Gay helps Kings bounce back against Blazers


October 31, 2014; Sacramento, CA, USA; Sacramento Kings forward Rudy Gay (8) shoots the basketball against Portland Trail Blazers forward LaMarcus Aldridge (12) and forward Nicolas Batum (88) during the fourth quarter at Sleep Train Arena. The Kings defeated the Trail Blazers 103-94. Mandatory Credit: Kyle Terada-USA TODAY Sports

Modest expectations for this season were lowered even further after Tuesday’s opening night dud against the Warriors. So a Halloween night date with the potent Portland Trailblazers didn’t seem like the best chance for a bounce-back for the Sacramento Kings. But this was not the same Sacramento team that took the floor Tuesday. The Kings looked better in every facet of the game — their offense moved smoother, the defensive intensity was constant and one Rudy Gay was an unstoppable force. The Kings put together four quarters of quality ball and took down a playoff-caliber Blazers squad, 103-94.

KINGS CRISP BALL MOVEMENT APPARENT — Eliminating the “sticky fingers” in the offense was a priority for the Kings this offseason, and on Thursday, the team showed off what they meant. The one-on-one, hero ball of Tuesday’s opener was thankfully gone. Led by point guard Darren Collison (38 MIN, 17 PTS, 6-14 FG, 8 REB, 8 AST, 3 STL, 3 TO), the Kings whipped the ball around until a quality shot was found. Making the extra pass seemed to be a theme for the Kings — Ben McLemore passing on a shot to find a wide-open Gay in the corner, Gay returning the favor on a breakaway for an alley-oop jam. Unlike the Warriors debacle, the offense had more of a purpose.

GAY’S HOT HAND SOLVES ALL — Of course, things tend to look better offensively when you have one player who can’t miss. Against Portland, that player was Rudy Gay (36 MIN, 40 PTS, 13-19 FG, 3-4 3FG, 11-13 FT, 8 REB). Any possession that ended with the ball in Rudy’s hands was seemingly successful. Gay scored very few baskets at the rim; instead, his mid-range stroke was on point, and Rudy didn’t hesitate to drop it over any Blazers defender. At this point, Gay is the only reliable Kings threat from the perimeter. His clutch shooting allowed the Kings to keep their foot on the gas.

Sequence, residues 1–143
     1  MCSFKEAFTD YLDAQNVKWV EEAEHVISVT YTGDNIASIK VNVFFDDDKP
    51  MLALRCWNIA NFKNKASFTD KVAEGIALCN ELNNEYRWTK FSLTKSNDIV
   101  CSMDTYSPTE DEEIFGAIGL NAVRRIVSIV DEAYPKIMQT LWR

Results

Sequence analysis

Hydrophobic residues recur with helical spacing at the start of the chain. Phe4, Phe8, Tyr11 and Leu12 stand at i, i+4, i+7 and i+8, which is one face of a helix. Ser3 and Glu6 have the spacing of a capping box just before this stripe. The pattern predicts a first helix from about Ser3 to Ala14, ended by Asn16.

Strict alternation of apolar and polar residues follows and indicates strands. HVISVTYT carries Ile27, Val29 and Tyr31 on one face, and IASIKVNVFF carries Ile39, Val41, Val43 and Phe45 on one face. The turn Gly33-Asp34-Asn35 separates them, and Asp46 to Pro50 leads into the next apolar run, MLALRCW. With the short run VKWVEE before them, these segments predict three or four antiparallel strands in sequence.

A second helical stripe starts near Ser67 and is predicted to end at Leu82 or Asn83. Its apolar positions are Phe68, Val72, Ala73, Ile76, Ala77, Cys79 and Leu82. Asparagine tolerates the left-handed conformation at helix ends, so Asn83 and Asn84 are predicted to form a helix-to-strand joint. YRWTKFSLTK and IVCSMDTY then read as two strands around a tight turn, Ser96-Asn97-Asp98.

KINGS DEFENSE SETS THE TONE — Right from the jump, the Kings displayed an effort defensively that would be critical in stopping an offensive juggernaut like Portland. Shooters were contested, and the Kings crashed the boards and limited second chances. Damian Lillard, who is well-remembered for his insane shooting performance in Sac last season, found very little room to operate, thanks again to Collison. In the second half, the Kings kept the pressure on, this time led by DeMarcus Cousins. Cousins (31 MIN, 17 PTS, 6-16 FG, 9 REB, 2 BLK) spoke of wanting to be a defensive anchor and he was all of that late in this one. His back-to-back blocks on Lillard in the fourth quarter stemmed the tide, ignited the crowd and helped push the Kings lead to nine with 3 minutes left. A pesky Collison with a disruptive Cousins on the backend and three others providing hustle and effort could be the recipe for a solid defense in Sacramento.

OTHER OBSERVATIONS — On the flip side, Cousins’ penchant for picking up poor fouls was again a problem. Frustration over a perceived missed call led the big man to swipe at Lillard in the backcourt and pick up a fourth foul in the third quarter. Portland responded by erasing an 8-point deficit with Cousins sidelined. That can’t happen … The Kings shooting guard spot is still in flux, as neither McLemore nor Nik Stauskas stepped up as a viable option. McLemore (32 MIN, 7 PTS, 2-5 FG, 4 REB) missed some gimme’s in the first half, while Stauskas missed all four of his shots on the night … Sacramento outrebounded Portland, 49-38, as LaMarcus Aldridge and Robin Lopez combined for just 10 boards … Omri Casspi (13 MIN, 10 PTS, 3-4 FG, 4-4 FT, 4 REB) had a nice, energetic stint in the first half. He hit the boards and attacked the basket. Casspi supplanted Derrick Williams (DNP) as the first swingman off the Kings bench.